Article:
Whenever i try to meditate, my mind wanders in all directions. Random things happen, i feel like that I'm lucid dreaming. I'm just wondering if it is normal to happen or we can control it? Is there any proper way to meditate at one point?
The following is an excerpt from the teachings of Sri Ramana Maharshi
Mr. B. C. Das asked why the mind cannot be turned inward in spite of repeated attempts.
M.: It is done by practice and dispassion and that succeeds only gradually. The mind, having been so long a cow accustomed to graze stealthily on others’ estates, is not easily confined to her stall.
However much her keeper tempts her with luscious grass and fine fodder, she refuses the first time; then she takes a bit; but her innate tendency to stray away asserts itself; and she slips away; on being repeatedly tempted by the owner, she accustoms herself to the stall; finally even if let loose she would not stray away.
Similarly with the mind. If once it finds its inner happiness it will not wander outward.
What I've studied is that all our senses are made in such a way that they process on something external.
Whether it is food, smell, touch, looking some object. Everything is from outside.
Meditation is something we try to sense whenever we sit to meditate.
Additionally, what you are asking, mind is full of thoughts. The basic functionality of brain is to think. No sea is wave less. Brain is like a sea having waves of thoughts. You cannot stop it.
So you need to focus all your senses inside. The very basic step is to focus on your breath. And keep a watch on your thoughts that how often it drives you away from focusing on your breath. Keep practicing.
Meditation is a step by step process and the sadhak (seeker) should start the process with Ashtanga Yoga, the first being Yama and then gradually move on to the next step.
If you think that closing the eyes and trying to stop the mind is meditation, then you can try it. But you will not be successful unless you have developed very strong willpower. Without the power of anashakti, vairagya or non-attachment, meditation is very difficult to practise. If you are not attached to the experiences of the senses, ego, buddhi (intellect), chitta (memory) and manas (rational mind), then you can experience spontaneous meditation. However, unless and until that happens you will have to work through the practices systematically, stage by stage.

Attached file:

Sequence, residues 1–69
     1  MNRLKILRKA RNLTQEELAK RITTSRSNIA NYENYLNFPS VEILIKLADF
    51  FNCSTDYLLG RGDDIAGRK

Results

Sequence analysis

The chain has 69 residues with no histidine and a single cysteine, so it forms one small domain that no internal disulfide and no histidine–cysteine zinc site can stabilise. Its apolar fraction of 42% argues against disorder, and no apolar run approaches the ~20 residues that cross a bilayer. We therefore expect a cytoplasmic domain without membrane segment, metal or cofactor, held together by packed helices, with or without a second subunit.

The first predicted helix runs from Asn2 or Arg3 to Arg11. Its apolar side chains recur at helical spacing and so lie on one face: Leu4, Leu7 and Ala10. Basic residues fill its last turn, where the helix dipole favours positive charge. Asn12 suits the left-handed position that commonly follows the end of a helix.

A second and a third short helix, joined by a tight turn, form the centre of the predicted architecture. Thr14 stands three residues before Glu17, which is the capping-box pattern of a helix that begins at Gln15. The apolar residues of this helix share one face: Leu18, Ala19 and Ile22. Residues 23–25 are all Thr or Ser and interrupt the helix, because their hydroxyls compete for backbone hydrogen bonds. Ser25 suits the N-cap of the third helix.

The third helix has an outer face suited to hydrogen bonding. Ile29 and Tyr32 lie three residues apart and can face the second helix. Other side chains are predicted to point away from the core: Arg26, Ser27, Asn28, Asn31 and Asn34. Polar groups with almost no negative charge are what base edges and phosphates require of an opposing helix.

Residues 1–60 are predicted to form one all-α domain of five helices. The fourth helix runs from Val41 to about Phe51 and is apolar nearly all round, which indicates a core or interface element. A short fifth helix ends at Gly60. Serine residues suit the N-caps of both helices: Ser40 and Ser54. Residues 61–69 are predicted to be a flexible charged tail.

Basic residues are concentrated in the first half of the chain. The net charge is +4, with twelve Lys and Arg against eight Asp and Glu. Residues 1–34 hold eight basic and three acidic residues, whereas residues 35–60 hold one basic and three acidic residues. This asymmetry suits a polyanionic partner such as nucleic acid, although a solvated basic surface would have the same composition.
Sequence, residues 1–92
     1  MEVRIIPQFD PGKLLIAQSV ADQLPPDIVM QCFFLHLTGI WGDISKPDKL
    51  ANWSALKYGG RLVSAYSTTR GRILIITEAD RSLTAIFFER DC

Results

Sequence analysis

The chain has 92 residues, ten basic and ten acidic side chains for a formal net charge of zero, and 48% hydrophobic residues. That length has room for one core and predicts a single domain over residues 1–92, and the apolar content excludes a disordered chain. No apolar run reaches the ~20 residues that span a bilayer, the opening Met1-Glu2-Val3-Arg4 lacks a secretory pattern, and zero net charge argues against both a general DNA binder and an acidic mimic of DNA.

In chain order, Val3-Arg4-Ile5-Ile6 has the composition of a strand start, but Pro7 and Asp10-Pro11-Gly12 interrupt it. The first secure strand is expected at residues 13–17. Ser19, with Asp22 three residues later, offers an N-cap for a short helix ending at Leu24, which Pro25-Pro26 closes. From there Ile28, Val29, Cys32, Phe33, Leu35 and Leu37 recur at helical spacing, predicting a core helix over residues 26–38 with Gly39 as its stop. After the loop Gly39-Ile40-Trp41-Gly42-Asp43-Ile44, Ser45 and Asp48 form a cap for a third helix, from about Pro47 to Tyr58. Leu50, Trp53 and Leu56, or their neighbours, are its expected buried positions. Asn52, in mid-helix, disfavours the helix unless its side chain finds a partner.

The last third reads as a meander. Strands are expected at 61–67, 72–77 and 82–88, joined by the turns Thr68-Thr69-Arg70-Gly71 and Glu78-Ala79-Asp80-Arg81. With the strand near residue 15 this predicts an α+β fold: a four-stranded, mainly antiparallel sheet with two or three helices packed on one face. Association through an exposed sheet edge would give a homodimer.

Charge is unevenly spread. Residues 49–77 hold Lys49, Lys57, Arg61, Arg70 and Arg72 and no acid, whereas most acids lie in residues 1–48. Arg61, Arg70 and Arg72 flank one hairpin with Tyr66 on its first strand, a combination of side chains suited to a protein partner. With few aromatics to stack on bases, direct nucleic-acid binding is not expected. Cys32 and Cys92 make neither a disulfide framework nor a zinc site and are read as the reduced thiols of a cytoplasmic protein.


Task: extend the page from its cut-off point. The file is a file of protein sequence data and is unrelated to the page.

Citing from Dharana Darshan: Yogic, Tantric and Upanishadic Practices of Concentration and Visualization by Swami Niranjanananda Saraswati:
Recording to the theory and concept of yoga, meditation X x is a state of mind and consciousness in which there is alertness, dynamism, dissociation of mind and senses, and total concentration. It is definitely not a process to block out events or experiences which are, constantly affecting us. In the Raja Yoga Sutras the process of meditation has been divided into eight stages: (i) yama (self-restraint), niyama (fixed rules), (iii) asana (posture), (iv) pranayama (breath control), (v) pratyahara (sensory withdrawal), (vi) dharana (concentration), (vii) dhyana (meditation) and (viii) samadhi (transcendental consciousness).
Importance of Concentration in meditation:
Concentration is one-pointedness of mind, the ability to hold the awareness of the mind on one point, one place, without wavering. The perfection of concentration leads to meditation. In the state of concentration, the mind is not aware of the external environment or of other peripheral things that surround the object of concentration.
Ability to concentrate
Concentration is spoken of in the Katha Upanishad (2:3:11) where it is explained by Yama, the Lord of Death, to Nachiketas, a young seeker:
The firm control of the senses and the mind is the yoga of concentration. One must be ever watchful for this yoga is difficult to acquire and easy to lose.